Cruz and O’Rourke are on opposite sides over Trump’s decision to pull out of the Iran nuclear deal.

While noting that the deal isn’t “perfection,” O’Rourke has called the agreement a “critical international effort” to prevent Iran from obtaining nuclear arms.

Meanwhile, Cruz strongly supported the president’s move and has previously called the deal a “catastrophe”

Questions on North Korea and Russia could also expose the differences the candidates have with Trump.

O’Rourke called for a vote to impeach the president following his Helsinki summit with Putin. But the Democratic congressman also took aim at Cruz for not standing up to Trump on foreign election interference.

Cruz has previously said that he believes it’s a “mistake” to apologize to Putin, but also took aim at Democrats’ reaction to Trump and Putin’s meeting.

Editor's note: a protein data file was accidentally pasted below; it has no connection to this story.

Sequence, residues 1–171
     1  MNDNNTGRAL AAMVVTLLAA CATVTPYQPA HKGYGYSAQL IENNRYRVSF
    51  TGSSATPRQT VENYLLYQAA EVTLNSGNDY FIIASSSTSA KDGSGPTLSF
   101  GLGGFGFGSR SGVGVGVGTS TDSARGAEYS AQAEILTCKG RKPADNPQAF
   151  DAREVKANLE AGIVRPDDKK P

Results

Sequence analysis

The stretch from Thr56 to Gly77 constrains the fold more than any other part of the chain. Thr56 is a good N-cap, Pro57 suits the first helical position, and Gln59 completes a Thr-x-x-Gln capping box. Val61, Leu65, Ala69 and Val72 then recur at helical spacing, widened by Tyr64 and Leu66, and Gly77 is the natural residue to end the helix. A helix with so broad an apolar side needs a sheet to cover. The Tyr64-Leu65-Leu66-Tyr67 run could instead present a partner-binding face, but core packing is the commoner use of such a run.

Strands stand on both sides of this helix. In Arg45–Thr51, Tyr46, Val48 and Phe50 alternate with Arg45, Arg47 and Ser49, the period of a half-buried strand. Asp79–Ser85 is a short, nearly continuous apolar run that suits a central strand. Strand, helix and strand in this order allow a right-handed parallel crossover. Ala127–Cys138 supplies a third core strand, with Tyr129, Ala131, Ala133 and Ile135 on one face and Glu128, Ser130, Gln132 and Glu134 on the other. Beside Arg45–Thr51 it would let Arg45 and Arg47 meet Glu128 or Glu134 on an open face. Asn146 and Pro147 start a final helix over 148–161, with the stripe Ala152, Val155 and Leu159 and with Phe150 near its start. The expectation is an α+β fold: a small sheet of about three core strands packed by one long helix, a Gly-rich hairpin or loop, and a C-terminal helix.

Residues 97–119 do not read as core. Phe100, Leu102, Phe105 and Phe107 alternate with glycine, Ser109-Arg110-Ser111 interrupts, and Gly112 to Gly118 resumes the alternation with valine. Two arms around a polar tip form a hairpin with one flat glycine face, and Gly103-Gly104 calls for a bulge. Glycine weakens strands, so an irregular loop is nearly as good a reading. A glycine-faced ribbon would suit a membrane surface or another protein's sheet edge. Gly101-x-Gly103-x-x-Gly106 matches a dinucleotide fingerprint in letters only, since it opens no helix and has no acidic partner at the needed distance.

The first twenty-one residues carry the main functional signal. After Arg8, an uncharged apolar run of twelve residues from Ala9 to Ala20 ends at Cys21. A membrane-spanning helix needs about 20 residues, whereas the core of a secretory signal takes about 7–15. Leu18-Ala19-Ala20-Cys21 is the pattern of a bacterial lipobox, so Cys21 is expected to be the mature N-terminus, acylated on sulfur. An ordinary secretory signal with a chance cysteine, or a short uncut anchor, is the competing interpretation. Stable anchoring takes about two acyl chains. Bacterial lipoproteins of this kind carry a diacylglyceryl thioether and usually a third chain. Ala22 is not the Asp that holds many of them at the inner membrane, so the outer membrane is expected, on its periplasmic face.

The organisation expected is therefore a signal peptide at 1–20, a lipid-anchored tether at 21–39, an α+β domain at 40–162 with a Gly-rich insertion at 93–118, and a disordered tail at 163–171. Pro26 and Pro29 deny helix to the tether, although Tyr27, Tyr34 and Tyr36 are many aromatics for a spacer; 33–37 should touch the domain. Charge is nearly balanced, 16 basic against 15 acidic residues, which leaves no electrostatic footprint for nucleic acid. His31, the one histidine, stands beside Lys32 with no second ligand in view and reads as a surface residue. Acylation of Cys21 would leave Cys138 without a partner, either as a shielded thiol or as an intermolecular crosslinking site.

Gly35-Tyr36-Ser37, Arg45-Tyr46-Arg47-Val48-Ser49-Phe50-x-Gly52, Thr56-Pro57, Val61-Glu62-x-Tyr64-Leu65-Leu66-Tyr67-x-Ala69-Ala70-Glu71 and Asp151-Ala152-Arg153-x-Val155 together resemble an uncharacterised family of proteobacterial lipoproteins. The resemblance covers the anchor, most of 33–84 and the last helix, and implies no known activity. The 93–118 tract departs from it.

Can O’Rourke counter GOP enthusiasm on Kavanaugh?

The last Senate debate was held about a week before Supreme Court Justice Brett Kavanaugh and his accuser Christine Blasey Ford testified about allegations that he sexually assaulted her in high school, which he has denied.

This is Cruz and O’Rourke’s first in-person encounter since that testimony and Kavanaugh’s confirmation to the high court.

Cruz has been a strong defender of Kavanaugh and will likely draw that stark contrast with O’Rourke, who said he wouldn’t have supported his confirmation if he was in the Senate.

At the last debate, Cruz hammered O’Rourke over the Supreme Court, arguing that like Clinton, “he wants liberal judicial activists on the court.”

O’Rourke has said that he finds Kavanaugh to have a “troubling history” when it comes voting rights protections as well as civil rights.

Republicans have been touting the party’s new-found voter enthusiasm since the Supreme Court debacle. Some polls have shown a spike in energy among Republicans who are more enthusiastic to vote in November.

That energy has likely helped Cruz solidify his high single-digit lead over O’Rourke. The Democratic congressman will need to find a way to cut through the GOP’s momentum on the Supreme Court in a ruby-red state like Texas.